Effective Cross-Agency Agreements
The audit objective was to assess whether agreements between Australian Government (Commonwealth) agencies reflect sound administrative practices. To meet this objective, the audit reviewed current government policy and a range of better practice guidelines, conducted interviews with agencies and examined cross-agency agreements, to formulate suitable audit criteria and subsequently develop better practice principles.
1. Over recent years, Australian governments have advocated a stronger focus on interagency collaboration and whole of government approaches to achieve effective program implementation, seamless service delivery and information sharing. As identified in the 2004 report Connecting Government, ‘the APS should be striving to create a “culture of collaboration” that aids the sharing of research, experience and expertise in addressing intractable problems.'1
2. In this endeavour, a ‘culture of collaboration' has become a growing characteristic of the public sector. On a day-to-day basis, officials from different agencies work across organisational boundaries to deliver government services, or collaborate in the formulation of national policies. Interdepartmental Committees (IDCs), taskforces, and joint working parties are just a few of the mechanisms used to coordinate substantial cross-agency initiatives.
3. While many agencies cooperate successfully on an informal basis, formal written agreements are frequently used to facilitate productive cross-agency relationships. Usually in the form of a Memorandum of Understanding (MOU), each document establishes a foundation for a working relationship, setting out essential roles and responsibilities, and defining agency obligations in terms of governance, performance expectations, and reporting arrangements. The agreements also contain agreed specifications for particular services or deliverables, including quality measures and timeframes.
4. In this audit, 21 agencies reported over 1800 current agreements; an indication of the sizeable commitment to cross-agency activities across the broader Australian Public Service (APS) and the breadth of agency interdependencies.2 The audit examined a cross-section of agreements to determine if they were generally fit-for-purpose and consistent with sound administrative practices.3 A particular aim of the audit was to bring together essential information to inform better practice.
Key principles of cross-agency agreements
5. Cross-agency agreements are diverse in their form and content, each tailored to suit a specific situation and range of requirements. Their purpose ranges from a simple annual exchange of data between two agencies, to clarifying respective responsibilities where programs are interdependent (such as border security), or undertaking research on behalf of another agency. Many agreements cover specifications and performance measures for the delivery of services or products, such as Information Technology services or payments of unemployment benefits, while others support the implementation of complex programs through multiple agencies.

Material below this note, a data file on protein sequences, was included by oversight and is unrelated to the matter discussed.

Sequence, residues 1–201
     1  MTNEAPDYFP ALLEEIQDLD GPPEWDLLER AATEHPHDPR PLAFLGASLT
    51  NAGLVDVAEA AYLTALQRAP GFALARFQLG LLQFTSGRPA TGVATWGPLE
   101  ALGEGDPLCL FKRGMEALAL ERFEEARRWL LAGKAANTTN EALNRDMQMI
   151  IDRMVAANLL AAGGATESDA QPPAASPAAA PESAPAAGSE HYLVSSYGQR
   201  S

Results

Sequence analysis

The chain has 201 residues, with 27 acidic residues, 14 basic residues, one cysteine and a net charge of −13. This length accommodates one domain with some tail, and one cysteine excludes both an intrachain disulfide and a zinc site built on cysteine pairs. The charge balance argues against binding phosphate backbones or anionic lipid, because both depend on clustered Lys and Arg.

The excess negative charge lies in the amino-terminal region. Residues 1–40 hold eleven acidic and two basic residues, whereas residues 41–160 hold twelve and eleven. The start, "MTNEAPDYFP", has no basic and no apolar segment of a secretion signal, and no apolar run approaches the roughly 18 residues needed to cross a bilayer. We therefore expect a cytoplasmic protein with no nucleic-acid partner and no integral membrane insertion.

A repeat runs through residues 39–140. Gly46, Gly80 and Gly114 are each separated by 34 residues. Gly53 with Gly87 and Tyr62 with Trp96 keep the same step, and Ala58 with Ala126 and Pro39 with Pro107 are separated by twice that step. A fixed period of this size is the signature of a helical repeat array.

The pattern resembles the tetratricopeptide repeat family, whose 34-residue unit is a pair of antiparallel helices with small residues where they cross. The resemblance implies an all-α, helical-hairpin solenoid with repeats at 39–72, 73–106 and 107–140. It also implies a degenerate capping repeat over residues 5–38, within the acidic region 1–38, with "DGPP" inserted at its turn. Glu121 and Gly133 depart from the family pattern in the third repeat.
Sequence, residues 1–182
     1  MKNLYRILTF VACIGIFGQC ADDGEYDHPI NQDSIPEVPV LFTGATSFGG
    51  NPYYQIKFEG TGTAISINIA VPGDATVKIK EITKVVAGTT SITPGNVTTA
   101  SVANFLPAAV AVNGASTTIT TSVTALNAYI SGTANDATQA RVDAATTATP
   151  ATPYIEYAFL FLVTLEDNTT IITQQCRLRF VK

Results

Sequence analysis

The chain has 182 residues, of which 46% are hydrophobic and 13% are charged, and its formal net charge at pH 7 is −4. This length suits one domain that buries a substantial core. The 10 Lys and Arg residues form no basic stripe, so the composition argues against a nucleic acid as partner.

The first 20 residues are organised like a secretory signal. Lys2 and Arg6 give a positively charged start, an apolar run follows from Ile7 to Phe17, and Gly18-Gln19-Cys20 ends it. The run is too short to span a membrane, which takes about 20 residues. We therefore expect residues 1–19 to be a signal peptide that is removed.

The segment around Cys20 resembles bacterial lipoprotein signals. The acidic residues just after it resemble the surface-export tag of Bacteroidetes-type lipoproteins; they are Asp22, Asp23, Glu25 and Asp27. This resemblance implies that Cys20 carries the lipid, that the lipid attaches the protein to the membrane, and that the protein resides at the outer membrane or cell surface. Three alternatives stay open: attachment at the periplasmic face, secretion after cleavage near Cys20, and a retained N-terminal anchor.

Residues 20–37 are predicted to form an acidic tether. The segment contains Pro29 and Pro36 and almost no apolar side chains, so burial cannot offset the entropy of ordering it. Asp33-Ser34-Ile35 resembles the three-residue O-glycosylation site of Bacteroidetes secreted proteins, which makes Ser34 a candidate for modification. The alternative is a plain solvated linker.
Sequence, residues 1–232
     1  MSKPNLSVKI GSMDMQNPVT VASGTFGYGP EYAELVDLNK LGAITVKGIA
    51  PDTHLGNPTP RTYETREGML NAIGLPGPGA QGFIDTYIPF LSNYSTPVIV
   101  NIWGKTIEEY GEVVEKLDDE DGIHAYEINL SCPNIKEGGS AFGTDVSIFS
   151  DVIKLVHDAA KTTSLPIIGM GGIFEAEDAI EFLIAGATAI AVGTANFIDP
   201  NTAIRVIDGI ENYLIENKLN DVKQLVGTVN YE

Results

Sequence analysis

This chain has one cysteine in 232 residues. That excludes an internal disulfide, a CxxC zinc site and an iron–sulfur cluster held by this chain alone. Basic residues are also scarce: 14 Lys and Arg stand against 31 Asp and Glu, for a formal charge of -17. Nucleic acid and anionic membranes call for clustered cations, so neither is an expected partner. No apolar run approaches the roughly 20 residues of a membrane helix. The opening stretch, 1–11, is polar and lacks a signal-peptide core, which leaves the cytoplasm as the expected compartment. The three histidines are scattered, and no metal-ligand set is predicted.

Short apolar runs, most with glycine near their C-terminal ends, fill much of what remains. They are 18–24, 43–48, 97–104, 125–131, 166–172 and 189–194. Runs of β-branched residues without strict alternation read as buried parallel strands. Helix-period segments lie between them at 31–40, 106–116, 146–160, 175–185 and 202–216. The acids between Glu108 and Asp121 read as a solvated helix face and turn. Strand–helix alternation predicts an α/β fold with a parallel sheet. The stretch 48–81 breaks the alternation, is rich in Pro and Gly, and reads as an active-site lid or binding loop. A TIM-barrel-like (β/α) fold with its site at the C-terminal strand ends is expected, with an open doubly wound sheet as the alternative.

6. An agreement may be represented by a simple Exchange of Letters, a complex MOU, Business Partnership, or a high level Collaborative Head Agreement.4 However, regardless of their name or structure, agreements between Australian Government agencies are typically non-legally binding, as they are between parts of the same legal entity.5 Consequently, the success of cross-agency arrangements is often dependent on relationship management and the good will and cooperation of the respective parties.
7. Although cross-agency agreements are not usually legally binding, the signatories are agreeing to fulfil the obligations and roles therein. There is an expectation that arrangements will be based on sound administrative practices and ethical conduct, with all parties complying with key elements of the Commonwealth's governance frameworks. To assist agencies in meeting relevant goals and outcomes, the content of agreements needs to support key principles of program effectiveness, performance management, transparency and accountability.
8. Key requirements for cross-agency agreements include defining: the objectives of the arrangement, including desired outcomes and timeframes; roles and responsibilities of each party; the goods or services to be provided; implementing suitable governance and communication arrangements; considering risks, and incorporating reporting and review provisions. The development of appropriate guidance material and agency controls can also be of great value to agencies, particularly for ensuring the currency, quality and appropriate terms of agreements.
Public sector administrative reform
9. The report Ahead of the Game: Blueprint for the Reform of Australian Government Administration, released in March 2010, proposes reforms which ‘aim to improve outcomes for citizens, through more integrated services, better policy advice…through changes to systems, structures and practices'. Visions for the future include: an APS-wide focus on capability; effective measurement of the outcomes for whole of government objectives; and consistent quality in the delivery and effectiveness of programs.6